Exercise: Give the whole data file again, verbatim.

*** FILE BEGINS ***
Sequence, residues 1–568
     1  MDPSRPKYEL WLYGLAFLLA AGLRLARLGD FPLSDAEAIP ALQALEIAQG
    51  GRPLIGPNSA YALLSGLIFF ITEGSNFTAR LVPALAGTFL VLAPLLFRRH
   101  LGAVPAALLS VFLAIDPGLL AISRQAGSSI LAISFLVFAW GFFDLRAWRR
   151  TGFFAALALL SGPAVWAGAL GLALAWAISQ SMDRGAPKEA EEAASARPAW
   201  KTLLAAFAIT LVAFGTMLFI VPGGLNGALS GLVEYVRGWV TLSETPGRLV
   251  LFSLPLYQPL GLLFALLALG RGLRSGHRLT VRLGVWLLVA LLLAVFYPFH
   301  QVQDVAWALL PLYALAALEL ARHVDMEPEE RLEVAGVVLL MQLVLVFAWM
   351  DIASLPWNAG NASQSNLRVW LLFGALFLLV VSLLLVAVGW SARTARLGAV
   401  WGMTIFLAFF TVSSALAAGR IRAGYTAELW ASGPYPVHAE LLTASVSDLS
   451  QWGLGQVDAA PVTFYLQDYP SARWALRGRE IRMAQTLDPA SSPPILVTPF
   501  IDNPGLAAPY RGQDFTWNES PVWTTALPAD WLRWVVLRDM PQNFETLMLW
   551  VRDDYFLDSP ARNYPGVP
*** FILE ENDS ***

Sequence, residues 1–568
     1  MDPSRPKYEL WLYGLAFLLA AGLRLARLGD FPLSDAEAIP ALQALEIAQG
    51  GRPLIGPNSA YALLSGLIFF ITEGSNFTAR LVPALAGTFL VLAPLLFRRH
   101  LGAVPAALLS VFLAIDPGLL AISRQAGSSI LAISFLVFAW GFFDLRAWRR
   151  TGFFAALALL SGPAVWAGAL GLALAWAISQ SMDRGAPKEA EEAASARPAW
   201  KTLLAAFAIT LVAFGTMLFI VPGGLNGALS GLVEYVRGWV TLSETPGRLV
   251  LFSLPLYQPL GLLFALLALG RGLRSGHRLT VRLGVWLLVA LLLAVFYPFH
   301  QVQDVAWALL PLYALAALEL ARHVDMEPEE RLEVAGVVLL MQLVLVFAWM
   351  DIASLPWNAG NASQSNLRVW LLFGALFLLV VSLLLVAVGW SARTARLGAV
   401  WGMTIFLAFF TVSSALAAGR IRAGYTAELW ASGPYPVHAE LLTASVSDLS
   451  QWGLGQVDAA PVTFYLQDYP SARWALRGRE IRMAQTLDPA SSPPILVTPF
   501  IDNPGLAAPY RGQDFTWNES PVWTTALPAD WLRWVVLRDM PQNFETLMLW
   551  VRDDYFLDSP ARNYPGVP